Kim Lewis, director of the antimicrobial discovery centre at Northeastern University in Boston, Massachusetts, is hoping that research on the bacteria that causes Lyme disease will yield better treatment options for chronic Lyme. “We found that dormant forms of regular cells are what makes it difficult to treat a chronic infection,” says Lewis. These are called persisters, and their dormant state allows them to avoid conventional antibiotic treatment. Lewis is looking for compounds that will be effective against persisters of the Lyme bacteria found in the United States, Borrelia burgdorferi.
Courtesy of Kim Lewis
In one study, published in 2015, he exposed culture of B. burgdorferi to antibiotics amoxicillin and ceftriaxone. The dormant persisters were then allowed to wake up for a short time, before the growth medium was hit with a second round of antibiotics. Persisters were “substantially diminished” after four rounds of killing with amoxicillin, and were eradicated below the limit of detection after four rounds of killing with ceftriaxone. The team are now “developing a pulse dosing regimen to eradicate a chronic stage Lyme using a mouse model”. They are also planning a human study, “probably” later in 2016.
Preventing Lyme disease is another option. Despite a vaccine being available for dogs, there is no vaccine currently on sale for human use. This was not always the case. A GSK vaccine, LYMErix, was licensed by the US Food and Drug Administration (FDA) in 1998 but was withdrawn three years later following a series of lawsuits alleging a variety of adverse effects, negative media coverage and subsequent poor sales. The lawsuits led to an FDA review, phase IV clinical trial, and retrospective study of adverse events, but no compelling evidence was found to show that the vaccine caused these symptoms. The official GSK line for the discontinuation was “poor demand for the product”.
Another vaccine that showed promise was ImuLyme, which was developed by Pasteur Mérieux Connaught, now Sanofi Pasteur. However, this vaccine never reached the market because of technical issues with case reports in the phase III trial, issues related to royalties and patents with GSK, as well as a decision that the market size was likely to be too small to make the vaccine profitable. Baxter completed a clinical study on a Lyme disease vaccine, but in 2014, having sold most of its vaccine portfolio, the company stated it was considering “partnering or divesting its R&D development programmes focused on Lyme disease”.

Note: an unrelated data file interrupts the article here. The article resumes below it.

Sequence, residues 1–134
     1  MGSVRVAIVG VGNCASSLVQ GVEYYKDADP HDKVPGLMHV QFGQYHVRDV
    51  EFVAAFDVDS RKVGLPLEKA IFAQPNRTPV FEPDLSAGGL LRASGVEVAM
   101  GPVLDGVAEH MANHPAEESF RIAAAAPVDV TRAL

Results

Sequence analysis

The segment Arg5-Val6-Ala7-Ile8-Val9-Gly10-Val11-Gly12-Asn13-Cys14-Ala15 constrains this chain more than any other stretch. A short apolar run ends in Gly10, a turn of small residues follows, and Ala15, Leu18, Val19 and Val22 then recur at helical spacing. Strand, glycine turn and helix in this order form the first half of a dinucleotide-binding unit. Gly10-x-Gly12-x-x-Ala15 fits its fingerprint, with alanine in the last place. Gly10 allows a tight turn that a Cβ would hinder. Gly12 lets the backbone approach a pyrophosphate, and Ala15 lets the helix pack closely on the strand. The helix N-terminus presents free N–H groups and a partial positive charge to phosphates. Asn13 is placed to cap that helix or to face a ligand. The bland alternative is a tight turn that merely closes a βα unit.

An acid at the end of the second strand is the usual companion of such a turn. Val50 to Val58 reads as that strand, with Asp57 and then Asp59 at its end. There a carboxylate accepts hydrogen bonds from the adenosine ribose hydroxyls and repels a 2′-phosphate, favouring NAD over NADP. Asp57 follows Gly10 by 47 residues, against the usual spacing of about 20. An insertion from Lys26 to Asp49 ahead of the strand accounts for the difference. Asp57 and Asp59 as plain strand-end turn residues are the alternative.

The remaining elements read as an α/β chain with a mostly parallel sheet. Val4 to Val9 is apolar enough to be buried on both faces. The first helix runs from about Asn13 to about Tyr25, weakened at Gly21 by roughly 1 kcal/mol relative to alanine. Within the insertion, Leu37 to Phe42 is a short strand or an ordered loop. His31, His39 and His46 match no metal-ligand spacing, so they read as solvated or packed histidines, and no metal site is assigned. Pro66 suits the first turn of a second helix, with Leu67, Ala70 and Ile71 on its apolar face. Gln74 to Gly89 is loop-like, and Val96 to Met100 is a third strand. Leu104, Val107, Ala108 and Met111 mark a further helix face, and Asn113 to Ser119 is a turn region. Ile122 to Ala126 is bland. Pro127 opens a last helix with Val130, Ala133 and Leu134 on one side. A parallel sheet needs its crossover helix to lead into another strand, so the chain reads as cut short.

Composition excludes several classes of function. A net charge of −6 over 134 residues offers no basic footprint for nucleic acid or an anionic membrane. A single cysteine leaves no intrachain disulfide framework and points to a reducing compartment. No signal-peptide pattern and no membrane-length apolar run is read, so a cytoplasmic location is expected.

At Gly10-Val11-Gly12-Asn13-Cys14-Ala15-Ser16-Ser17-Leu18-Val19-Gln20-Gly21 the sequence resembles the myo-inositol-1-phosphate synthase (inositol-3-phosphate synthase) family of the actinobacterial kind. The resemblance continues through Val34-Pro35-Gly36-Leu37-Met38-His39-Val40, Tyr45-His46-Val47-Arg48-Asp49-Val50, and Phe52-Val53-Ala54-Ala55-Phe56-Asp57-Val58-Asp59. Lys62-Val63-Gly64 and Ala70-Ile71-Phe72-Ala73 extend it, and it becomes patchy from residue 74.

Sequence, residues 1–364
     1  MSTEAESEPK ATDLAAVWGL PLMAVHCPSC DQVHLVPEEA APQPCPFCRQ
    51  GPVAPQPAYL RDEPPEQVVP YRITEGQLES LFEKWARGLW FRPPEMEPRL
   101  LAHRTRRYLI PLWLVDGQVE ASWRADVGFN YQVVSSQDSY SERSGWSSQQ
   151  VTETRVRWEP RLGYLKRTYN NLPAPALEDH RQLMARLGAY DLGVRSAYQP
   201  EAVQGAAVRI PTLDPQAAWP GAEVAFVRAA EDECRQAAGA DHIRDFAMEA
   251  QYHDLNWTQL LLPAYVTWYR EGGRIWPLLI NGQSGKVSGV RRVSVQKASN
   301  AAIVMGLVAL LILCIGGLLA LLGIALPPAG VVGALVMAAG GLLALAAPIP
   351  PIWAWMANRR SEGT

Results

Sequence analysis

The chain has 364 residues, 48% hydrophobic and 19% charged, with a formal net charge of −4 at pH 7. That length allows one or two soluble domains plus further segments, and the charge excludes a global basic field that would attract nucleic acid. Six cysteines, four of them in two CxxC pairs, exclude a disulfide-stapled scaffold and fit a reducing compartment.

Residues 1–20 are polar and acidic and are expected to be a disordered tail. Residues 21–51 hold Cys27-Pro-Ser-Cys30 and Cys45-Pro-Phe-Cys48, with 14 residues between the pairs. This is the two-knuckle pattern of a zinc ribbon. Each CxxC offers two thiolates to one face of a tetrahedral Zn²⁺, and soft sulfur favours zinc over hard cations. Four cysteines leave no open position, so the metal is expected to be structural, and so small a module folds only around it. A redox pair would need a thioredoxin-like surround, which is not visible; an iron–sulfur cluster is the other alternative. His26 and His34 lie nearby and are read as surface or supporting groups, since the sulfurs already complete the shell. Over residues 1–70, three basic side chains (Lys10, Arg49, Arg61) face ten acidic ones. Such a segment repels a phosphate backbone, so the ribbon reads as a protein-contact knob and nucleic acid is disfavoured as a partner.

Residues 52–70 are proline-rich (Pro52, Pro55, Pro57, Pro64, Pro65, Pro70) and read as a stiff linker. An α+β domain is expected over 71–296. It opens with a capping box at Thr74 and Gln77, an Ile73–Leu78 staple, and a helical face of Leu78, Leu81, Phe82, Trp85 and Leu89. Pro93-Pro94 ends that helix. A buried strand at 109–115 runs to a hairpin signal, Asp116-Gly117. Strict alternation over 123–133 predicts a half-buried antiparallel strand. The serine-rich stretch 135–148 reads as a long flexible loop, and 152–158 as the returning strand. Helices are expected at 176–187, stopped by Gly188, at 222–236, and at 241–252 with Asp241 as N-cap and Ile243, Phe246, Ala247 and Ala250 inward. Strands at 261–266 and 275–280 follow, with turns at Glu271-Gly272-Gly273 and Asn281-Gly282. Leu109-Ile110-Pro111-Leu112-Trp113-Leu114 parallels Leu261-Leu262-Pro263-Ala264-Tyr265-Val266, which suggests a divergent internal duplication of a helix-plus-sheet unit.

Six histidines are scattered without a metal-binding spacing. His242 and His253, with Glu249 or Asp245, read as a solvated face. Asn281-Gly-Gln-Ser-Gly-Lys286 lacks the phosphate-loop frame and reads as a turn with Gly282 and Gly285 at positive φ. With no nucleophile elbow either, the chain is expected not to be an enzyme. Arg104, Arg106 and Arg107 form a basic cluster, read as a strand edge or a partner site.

All of these vaccines used the Borrelia species outer surface protein A (OspA) as their foundation, with LYMErix and ImuLyme producing antibodies against the strain most prevalent in the United States, B. burgdorferi. However, Valneva, a company based in Lyon, France, claims to have designed a Lyme vaccine that provides “more protection for a European market” as well as the American market. The vaccine contains OspA fragments from B. burgdorferi, as well as the common European strains B. afzelii, B. garinii, and B. bavariensis.
Pär Comstedt, manager of infectious disease models at Valneva, who has worked on the vaccine for the past eight years, says that researchers “have shown efficacy in pre-clinical models”. In 2015, a paper co-authored by Comstedt, stated that mice are protected against both challenge with infected ticks and in vitro grown spirochaetes. The company is currently working on including more species of Borrelia in its pre-clinical models. Comstedt says it will be a few years until a Lyme vaccine will be on the market, but adds that the vaccine will be “entering clinical development at the end of 2016”.
It is now 15 years since her tick bite, and Huyshe-Shires is still “waiting for the science to catch up”. She continues to have symptoms but has no way of knowing whether they are continuing Lyme disease, or as a result of damage to her nerves. Despite the continued uncertainty in many aspects of the disease, Johnson believes that “we’re right at the brink”. She believes a data and science revolution is happening, which will reinvigorate Lyme disease research. “In the next ten years, we’re going to have good diagnostic tests, and a much better sense of sub-groups and how they respond.”